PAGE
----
(1) The United States has demonstrated a commitment to remembrance and education about the Holocaust through bilateral relationships and engagement in international organizations such as the United Nations (UN) and the International Holocaust Remembrance Association (IHRA); the United States works to promote Holocaust education as a means to understand the importance of democratic principles, use and abuse of power, and to raise awareness about the importance of genocide prevention today.
(2) The Congress has played a critical role in preserving the memory of the Holocaust and promoting awareness, including by authorizing the United States Holocaust Memorial Museum as an independent establishment of the Federal Government to ensure that "the study of the Holocaust become part of the curriculum in every school system in the country", as well as by establishing a national Holocaust Remembrance Day in 1978.
(3) The Congress has gone on record in support of expanded Holocaust education to increase awareness about Holocaust history, counter prejudice and discrimination, and enhance efforts to teach its universal lessons about human behavior and societal cohesion.
(4) More than 70 years after the conclusion of World War II, with the decreasing number of eyewitnesses and growing distance of students and their families from this history, it is important to institutionalize education about the events of the Holocaust such as the Nazis' racist ideology, propaganda, and plan to lead a state to war and, with their collaborators, kill millions—including the systematic murder of 6,000,000 Jewish people; as well as the persecution and murder of millions of others in the name of racial purity, political, ideological, and behavioral grounds, among them Roma, the disabled, the Slavic people, Communists, Socialists, Jehovah's Witnesses, and homosexuals.
(5) As intolerance, antisemitism, bigotry, and all forms of hate are promoted by hate groups, Holocaust education provides a context in which to learn about the danger of what can happen when hate goes unchallenged and there is indifference in the face of the oppression of others; learning how and why the Holocaust happened is an important component of the education of citizens of the United States.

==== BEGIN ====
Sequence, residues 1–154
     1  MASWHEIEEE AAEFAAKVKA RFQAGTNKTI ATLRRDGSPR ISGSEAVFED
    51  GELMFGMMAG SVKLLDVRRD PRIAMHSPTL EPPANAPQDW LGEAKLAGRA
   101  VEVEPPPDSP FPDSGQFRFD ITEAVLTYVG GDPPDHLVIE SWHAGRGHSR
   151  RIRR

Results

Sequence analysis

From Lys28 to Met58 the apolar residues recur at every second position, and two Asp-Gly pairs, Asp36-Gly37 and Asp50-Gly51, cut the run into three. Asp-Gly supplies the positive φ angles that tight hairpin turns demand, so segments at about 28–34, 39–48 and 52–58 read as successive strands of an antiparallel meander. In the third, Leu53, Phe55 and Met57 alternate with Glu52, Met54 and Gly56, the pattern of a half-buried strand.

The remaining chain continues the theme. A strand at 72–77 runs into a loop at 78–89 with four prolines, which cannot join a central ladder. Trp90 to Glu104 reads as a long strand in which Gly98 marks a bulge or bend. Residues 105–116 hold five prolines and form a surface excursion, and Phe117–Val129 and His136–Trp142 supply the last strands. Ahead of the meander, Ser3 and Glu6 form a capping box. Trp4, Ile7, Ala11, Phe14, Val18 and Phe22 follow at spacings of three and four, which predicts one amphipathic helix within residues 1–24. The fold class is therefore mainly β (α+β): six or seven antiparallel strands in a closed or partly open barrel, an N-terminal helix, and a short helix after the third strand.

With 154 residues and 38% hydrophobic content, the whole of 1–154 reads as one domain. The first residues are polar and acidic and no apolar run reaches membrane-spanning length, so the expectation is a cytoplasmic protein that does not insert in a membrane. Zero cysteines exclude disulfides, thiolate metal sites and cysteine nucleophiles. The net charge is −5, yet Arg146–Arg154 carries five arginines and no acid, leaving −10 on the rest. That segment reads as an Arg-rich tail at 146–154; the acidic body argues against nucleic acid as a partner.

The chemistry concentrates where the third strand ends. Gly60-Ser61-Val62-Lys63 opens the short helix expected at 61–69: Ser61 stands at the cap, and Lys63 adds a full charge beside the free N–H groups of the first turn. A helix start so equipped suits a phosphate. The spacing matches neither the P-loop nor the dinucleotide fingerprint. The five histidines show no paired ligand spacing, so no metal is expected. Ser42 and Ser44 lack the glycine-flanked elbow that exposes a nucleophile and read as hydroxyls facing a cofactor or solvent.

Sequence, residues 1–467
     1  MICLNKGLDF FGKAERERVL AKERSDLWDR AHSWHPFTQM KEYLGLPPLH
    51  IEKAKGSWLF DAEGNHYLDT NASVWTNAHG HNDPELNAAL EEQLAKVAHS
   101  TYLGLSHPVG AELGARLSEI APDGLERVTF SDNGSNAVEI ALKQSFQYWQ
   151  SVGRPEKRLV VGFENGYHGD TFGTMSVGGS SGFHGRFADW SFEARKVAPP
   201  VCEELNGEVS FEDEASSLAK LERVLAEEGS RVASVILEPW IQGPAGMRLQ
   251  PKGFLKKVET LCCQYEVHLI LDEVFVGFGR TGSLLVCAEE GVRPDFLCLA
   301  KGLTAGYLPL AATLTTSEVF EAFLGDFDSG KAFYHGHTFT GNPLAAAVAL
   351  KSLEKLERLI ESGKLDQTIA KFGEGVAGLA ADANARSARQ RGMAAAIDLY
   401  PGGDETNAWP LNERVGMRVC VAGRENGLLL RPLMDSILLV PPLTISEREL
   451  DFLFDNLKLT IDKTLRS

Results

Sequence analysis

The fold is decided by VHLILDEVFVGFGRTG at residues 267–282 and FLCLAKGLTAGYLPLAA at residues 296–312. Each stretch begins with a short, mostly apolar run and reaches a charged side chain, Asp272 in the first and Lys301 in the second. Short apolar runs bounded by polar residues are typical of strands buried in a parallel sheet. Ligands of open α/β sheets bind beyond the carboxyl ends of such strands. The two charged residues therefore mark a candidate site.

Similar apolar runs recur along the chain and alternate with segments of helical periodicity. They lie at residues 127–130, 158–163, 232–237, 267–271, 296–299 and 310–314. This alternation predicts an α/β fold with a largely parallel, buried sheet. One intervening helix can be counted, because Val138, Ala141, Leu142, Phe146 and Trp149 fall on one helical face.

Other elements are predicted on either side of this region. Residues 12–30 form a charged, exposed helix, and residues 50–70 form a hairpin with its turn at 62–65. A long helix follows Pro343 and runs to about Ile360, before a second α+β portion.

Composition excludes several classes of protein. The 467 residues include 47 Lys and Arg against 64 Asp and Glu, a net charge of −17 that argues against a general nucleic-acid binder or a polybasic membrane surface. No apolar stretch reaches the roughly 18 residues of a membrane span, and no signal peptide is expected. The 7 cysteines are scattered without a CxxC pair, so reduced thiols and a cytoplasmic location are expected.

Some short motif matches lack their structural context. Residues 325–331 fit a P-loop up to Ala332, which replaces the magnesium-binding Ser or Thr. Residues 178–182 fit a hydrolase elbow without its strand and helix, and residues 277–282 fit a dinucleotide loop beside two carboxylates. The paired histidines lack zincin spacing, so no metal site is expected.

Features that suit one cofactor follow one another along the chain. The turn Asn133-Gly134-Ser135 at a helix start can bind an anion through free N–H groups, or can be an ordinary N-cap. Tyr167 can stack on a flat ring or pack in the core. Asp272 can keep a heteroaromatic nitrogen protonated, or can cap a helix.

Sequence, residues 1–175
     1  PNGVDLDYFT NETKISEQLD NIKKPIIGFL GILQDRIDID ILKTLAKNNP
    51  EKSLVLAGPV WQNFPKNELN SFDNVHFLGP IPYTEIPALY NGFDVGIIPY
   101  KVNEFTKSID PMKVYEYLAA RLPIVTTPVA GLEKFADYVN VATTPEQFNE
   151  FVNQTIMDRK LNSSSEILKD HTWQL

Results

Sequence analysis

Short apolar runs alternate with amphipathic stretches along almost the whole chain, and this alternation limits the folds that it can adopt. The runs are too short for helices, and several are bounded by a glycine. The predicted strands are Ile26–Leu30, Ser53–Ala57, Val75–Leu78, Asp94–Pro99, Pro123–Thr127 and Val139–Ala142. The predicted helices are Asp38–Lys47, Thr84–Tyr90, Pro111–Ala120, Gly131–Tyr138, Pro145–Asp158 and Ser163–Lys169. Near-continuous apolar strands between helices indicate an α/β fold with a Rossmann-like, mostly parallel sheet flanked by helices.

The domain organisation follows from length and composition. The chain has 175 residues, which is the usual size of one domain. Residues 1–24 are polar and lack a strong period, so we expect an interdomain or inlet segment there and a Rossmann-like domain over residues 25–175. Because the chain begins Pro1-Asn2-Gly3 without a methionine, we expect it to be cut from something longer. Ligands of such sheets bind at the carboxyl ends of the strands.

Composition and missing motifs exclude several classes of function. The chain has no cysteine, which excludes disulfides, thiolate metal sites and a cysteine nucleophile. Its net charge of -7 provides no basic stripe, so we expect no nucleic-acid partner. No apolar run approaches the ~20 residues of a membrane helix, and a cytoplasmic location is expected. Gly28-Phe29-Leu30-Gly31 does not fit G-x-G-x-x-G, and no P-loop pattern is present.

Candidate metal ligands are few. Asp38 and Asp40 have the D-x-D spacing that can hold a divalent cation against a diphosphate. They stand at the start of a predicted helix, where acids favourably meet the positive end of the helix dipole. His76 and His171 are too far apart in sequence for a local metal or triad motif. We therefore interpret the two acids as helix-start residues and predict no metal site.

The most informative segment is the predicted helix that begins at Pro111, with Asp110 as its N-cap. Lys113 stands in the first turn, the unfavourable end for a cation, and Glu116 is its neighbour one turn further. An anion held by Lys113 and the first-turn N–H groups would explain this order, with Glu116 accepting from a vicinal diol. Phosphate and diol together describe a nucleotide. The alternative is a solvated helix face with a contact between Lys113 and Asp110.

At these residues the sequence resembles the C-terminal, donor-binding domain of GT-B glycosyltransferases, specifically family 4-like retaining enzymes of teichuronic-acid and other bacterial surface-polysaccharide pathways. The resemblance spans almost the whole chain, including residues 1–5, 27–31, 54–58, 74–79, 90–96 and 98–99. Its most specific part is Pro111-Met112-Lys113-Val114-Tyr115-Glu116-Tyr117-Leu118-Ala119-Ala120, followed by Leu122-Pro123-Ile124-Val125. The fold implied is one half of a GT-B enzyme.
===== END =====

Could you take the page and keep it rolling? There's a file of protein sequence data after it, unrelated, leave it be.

(6) Today, those who deny that the Holocaust occurred or distort the true nature of the Holocaust continue to find forums, especially online; this denial and distortion dishonors those who were persecuted, and murdered, making it even more of a national imperative to educate students in the United States so that they may explore the lessons that the Holocaust provides for all people, sensitize communities to the circumstances that gave rise to the Holocaust, and help youth be less susceptible to the falsehood of Holocaust denial and distortion and to the destructive messages of hate that arise from Holocaust denial and distortion.
(7) Currently, 8 States (California, Florida, Illinois, Indiana, Michigan, New Jersey, New York, and Rhode Island) require by law that schools teach students about the Holocaust; more schools and teachers can and should deliver quality Holocaust education.
(8) While there are thriving professional development programs across the United States delivered by Holocaust education centers, such as members of the Association of Holocaust Organizations, many students still have little exposure to education about the events of the Holocaust and its relevance to their lives, in part due to the many financial and logistical barriers to getting resources from Holocaust education centers to students in the classroom.
(9) The Federal Government, especially the Department of Education, has a role to play in promoting resources and training that can assist teachers and primary and secondary schools incorporate the study of the Holocaust into their curriculum, to help ensure that students have access to accurate and engaging historical information about the Holocaust, and the Department of Education is well-positioned to assist Holocaust education centers in overcoming many of the barriers to expanding Holocaust education, which will allow more students to learn the lessons of the Holocaust.Definitions In this Act:
(1) Eligible entity The term means—
(A) a local educational agency (as defined in section 8101 of the Elementary and Secondary Education Act of 1965 ());
(B) an organization eligible to receive funds under part B of title IV of such Act ( et seq.); or
(C) a secondary school (as defined in section 8101 of such Act ()), that is independent of any local educational agency.
(2) Antisemitism The term means a certain perception of Jews, which may be expressed as hatred toward Jews. Rhetorical and physical manifestations of antisemitism are directed toward Jewish or non-Jewish individuals or their property, toward Jewish community institutions and religious facilities.